Paul Cezanne (French, 1839-1906) has influenced nearly every avant-garde movement in painting, and is credited with paving the way for the emergence of twentieth-century modernism, both visually and conceptually.
Starting out, Cezanne was strongly influenced by Eugène Delacroix, Gustave Courbet and Edouard Manet. In 1872 Camille Pissarro made the most significant influence on Cezanne when he introduced him to outdoor painting, which shifted Cezanne’s palette from dark tones to bright hues as he began to concentrate on scenes of farmland and rural villages.
Yet the artist was dissatisfied with the impressionist approach and eventually developed his own unique style in which he applied his pigments to the canvas in a series of discrete, methodical brushstrokes as though he were "constructing" a picture rather than "painting" it. It took time for his work to be accepted by the artistic establishment. Cezanne was rejected by not just the official Paris Salon but also the Salon des Refusés from 1864 to 1869. It was not until 1895 that he received his first solo exhibition.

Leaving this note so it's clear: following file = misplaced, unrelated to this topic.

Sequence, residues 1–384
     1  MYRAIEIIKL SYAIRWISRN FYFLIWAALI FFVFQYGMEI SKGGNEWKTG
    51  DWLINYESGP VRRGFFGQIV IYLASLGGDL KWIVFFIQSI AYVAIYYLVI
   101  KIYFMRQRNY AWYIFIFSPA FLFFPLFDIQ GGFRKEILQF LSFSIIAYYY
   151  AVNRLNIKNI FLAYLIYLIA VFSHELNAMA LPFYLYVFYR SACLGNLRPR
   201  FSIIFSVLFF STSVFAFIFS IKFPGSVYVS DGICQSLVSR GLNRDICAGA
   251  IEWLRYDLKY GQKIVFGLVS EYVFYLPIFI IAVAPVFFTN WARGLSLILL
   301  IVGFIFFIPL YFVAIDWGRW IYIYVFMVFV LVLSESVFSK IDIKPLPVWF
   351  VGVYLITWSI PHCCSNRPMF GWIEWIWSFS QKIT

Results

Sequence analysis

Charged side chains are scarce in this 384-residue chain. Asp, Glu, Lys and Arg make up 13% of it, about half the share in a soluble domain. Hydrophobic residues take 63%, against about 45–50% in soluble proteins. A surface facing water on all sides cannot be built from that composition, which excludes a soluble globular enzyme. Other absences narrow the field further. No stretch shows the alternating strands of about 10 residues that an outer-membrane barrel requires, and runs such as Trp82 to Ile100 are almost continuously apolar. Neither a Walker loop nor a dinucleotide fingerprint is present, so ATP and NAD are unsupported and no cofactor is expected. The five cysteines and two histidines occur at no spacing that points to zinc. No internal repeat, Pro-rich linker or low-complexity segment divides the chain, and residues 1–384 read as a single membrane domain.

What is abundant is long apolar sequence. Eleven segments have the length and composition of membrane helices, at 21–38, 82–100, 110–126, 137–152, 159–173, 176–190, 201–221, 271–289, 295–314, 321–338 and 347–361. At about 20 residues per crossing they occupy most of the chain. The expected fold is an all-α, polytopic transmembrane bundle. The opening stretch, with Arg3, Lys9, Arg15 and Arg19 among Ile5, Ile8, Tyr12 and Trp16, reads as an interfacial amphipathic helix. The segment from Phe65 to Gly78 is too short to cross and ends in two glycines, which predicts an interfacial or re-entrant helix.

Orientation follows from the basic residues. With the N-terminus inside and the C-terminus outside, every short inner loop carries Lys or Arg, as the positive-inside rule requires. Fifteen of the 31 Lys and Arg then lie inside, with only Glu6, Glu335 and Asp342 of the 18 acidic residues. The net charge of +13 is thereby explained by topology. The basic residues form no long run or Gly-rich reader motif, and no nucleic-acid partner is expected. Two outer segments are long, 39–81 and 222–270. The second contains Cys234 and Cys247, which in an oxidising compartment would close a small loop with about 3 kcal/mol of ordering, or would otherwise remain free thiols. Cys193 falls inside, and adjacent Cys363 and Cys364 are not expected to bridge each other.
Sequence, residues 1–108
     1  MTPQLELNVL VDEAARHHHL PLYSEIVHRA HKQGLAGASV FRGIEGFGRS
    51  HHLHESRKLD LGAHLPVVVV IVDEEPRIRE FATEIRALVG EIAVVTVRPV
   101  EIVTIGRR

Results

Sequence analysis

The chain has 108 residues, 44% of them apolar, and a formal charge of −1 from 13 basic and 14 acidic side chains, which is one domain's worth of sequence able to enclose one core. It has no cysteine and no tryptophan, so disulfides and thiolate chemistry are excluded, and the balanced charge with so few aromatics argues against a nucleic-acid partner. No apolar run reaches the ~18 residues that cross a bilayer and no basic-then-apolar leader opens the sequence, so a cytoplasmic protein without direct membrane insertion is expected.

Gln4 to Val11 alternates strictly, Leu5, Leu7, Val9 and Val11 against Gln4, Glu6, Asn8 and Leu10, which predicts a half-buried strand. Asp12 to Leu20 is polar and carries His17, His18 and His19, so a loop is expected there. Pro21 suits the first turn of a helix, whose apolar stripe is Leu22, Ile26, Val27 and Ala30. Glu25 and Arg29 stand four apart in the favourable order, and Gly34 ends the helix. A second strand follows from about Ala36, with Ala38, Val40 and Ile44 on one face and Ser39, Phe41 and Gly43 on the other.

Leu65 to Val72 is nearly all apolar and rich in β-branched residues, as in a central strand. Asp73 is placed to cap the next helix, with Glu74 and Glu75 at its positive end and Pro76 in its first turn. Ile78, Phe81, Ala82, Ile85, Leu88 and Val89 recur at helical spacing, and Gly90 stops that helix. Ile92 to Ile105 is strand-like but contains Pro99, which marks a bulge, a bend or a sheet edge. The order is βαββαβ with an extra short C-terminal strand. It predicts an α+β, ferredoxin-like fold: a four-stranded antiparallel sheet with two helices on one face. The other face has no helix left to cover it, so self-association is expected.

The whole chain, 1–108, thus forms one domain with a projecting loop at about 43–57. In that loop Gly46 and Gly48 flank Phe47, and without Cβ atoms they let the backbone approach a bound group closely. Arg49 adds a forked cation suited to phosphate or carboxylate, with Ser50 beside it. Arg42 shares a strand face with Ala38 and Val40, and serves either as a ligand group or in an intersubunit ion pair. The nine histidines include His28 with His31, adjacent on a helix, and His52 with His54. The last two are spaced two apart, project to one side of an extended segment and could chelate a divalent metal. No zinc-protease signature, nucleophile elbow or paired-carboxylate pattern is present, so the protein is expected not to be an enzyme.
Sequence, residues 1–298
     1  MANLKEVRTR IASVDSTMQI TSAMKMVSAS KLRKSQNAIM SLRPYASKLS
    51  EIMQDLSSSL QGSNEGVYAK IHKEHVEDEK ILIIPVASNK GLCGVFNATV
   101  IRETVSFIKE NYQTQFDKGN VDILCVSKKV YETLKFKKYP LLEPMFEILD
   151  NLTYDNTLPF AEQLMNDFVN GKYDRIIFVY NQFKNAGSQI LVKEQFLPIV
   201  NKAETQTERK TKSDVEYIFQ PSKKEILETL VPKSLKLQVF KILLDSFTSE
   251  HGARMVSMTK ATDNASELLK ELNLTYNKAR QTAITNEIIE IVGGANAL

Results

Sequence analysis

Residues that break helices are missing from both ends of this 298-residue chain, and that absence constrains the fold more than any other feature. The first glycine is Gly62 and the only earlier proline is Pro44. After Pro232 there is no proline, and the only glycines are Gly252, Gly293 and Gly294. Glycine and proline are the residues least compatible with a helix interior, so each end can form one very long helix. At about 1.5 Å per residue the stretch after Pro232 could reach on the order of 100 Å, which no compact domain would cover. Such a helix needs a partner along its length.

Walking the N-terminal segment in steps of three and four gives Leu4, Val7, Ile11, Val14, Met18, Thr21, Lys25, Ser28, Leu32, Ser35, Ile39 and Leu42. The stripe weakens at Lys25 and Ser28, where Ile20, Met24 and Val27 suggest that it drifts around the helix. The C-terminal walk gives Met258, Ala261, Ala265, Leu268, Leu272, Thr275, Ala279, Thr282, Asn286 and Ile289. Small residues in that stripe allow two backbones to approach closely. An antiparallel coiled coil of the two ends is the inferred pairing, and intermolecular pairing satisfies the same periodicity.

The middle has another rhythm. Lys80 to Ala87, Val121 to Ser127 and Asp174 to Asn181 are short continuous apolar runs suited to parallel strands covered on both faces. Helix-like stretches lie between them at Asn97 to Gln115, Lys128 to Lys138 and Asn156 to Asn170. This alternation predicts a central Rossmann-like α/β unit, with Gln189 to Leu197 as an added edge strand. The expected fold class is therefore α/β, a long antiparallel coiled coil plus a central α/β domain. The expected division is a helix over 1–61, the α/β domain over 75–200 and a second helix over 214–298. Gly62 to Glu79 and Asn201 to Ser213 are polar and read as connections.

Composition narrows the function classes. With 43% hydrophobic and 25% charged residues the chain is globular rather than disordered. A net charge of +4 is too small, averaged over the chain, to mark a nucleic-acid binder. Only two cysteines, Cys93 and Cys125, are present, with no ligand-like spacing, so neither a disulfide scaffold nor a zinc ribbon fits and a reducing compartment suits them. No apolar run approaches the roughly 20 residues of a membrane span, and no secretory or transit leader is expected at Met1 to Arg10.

In the last years of his life Cézanne produced a stunning series of watercolors that brought his career to a complex, and triumphant, conclusion. A characteristic of the watercolors of Cézanne is the striking balance he was able to achieve between the pencil drawing itself, the delicate touches of watercolor laid over this, and the areas of the paper left untouched by pencil or paintbrush. As a result, Cézanne's watercolor technique allowed the image to unfold in a subtle interplay of overlapping strokes of color wash. Superimposed patches of color combine to create additional colors; rarely were paints mixed on the palette before application to the paper. Graphite pencil lines often play a major role in the composition, defining and supporting the structure.